Healthy Family, Healthy Kids: A Panel Discussion

Healthy Family, Healthy Kids: A Panel Discussion

Last night I was thrilled to be part of a nutrition panel discussion at the JCC of Mid-Westchester. I was pleasantly surprised by the wonderful turnout and the interesting questions asked by the audience. It was also brought to my attention the need for such discussions to take place on a regular basis.

The Panel
I was one of three panelists alongside Heather Zeitz, RD CDN and Ilanit Blumenfeld, MPH. The goal of the free workshop was to help answer parent’s questions, specifically focusing on picky eating and overweight kids. The purpose of having a panel discussion was to drive home the message that there’s no one correct approach to “getting it right.” We each opened with our own philosophy about our families. Some approaches included an 80-20 healthy-to-junk food ratio, the importance of family meals, and teaching nutrition by getting the kids involved in the cooking process.

The Discussion
After the introduction, the floor was open to questions and almost every parent in the filled room had a question to ask. One common question was about picky toddlers and how to handle them. Some suggestions from the expert panelists included:

  • Make mealtime a positive experience, so don’t force the child to eat or scream at them.
  • Get the child involved in the cooking processes including picking dishes out from cookbooks (by looking at photos) to helping set the table.
  • Feed your child in a social environment—they are more apt to try foods when they are with their friends or having a play date.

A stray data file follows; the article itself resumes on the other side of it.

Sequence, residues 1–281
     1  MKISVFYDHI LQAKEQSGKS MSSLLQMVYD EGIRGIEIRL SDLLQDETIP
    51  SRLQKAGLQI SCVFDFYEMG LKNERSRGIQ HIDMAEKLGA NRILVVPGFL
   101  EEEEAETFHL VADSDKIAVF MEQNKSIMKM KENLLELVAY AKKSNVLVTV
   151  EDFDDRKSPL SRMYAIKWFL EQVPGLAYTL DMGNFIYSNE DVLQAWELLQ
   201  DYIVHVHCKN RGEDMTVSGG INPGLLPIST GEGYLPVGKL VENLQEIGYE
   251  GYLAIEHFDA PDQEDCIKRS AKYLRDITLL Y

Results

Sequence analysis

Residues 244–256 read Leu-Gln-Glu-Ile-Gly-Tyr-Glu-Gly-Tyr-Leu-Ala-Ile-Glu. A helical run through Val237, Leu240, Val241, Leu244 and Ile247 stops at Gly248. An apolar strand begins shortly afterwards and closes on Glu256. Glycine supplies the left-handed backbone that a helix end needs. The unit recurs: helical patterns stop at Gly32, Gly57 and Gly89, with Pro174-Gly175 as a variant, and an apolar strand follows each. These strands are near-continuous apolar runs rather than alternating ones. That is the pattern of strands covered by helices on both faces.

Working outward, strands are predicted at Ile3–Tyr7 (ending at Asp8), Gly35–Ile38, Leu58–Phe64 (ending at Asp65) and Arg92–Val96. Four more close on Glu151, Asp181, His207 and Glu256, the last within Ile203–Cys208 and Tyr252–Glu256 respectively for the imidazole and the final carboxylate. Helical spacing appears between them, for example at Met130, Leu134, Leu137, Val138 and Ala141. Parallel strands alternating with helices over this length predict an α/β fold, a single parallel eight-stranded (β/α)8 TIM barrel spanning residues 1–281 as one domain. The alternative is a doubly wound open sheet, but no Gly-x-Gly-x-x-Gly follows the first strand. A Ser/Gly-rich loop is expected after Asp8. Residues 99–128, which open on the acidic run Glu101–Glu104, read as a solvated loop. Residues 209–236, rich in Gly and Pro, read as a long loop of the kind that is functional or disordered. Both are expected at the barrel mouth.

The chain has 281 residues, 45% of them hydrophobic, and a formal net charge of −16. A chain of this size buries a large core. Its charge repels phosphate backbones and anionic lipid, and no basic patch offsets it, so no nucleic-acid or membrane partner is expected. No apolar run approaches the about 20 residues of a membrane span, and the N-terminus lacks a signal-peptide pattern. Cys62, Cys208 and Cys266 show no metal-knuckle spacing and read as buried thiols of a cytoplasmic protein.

• If you find the child REALLY dislikes a food (like my daughter really dislikes chicken), then find an alternative source with similar nutrients (she eats eggs instead).

Another hot topic was snacks. Questions revolved around what are good snack choices and the best time to provide snacks. Here are some suggestions provided:

  • Snacks are “mini meals” and should provide a value-added nutrient to their diet. There should be a source of protein, fiber, iron, calcium, or vitamins A and C.
  • Snacks should be given between meals, but be sure they are not given to close to the meal or your kiddo will be too full to eat at the next meal.
  • Keeping a schedule for meals and snacks is a good idea. My kids eat their snacks at 10:30am, 3:00pm and 7:30pm. The 7:30pm is the bedtime snack where I utilize this time to talk to my kids about upcoming events the next day.
  • Snack ideas included whole grain crackers and cheese, a glass of homemade chocolate milk made with skim milk and 1 tablespoon chocolate syrup, strawberries dipped in whipped cream, a bowl of cereal and milk.

 The Importance
After the discussion, many of the participants expressed the need for such a workshop. They had many questions and were unsure where to turn for answers. They’re not alone. Many parents are worried about their kids- and rightfully so! With so much focus on the obesity epidemic and healthy eating, it’s tough to wade through all the information (and misinformation) out there.

Suggest to your school principal, community centers, university, church, or other locations to find a registered dietitian to lead such a discussion. Our community center approached me since I’ve been a member for over 8 years. Social media chats (like twitter and Facebook) are other inexpensive forums to have such discussions. 

TELL ME: What are your thoughts on having such a discussion in your area? Would you like personalized tips for your family?


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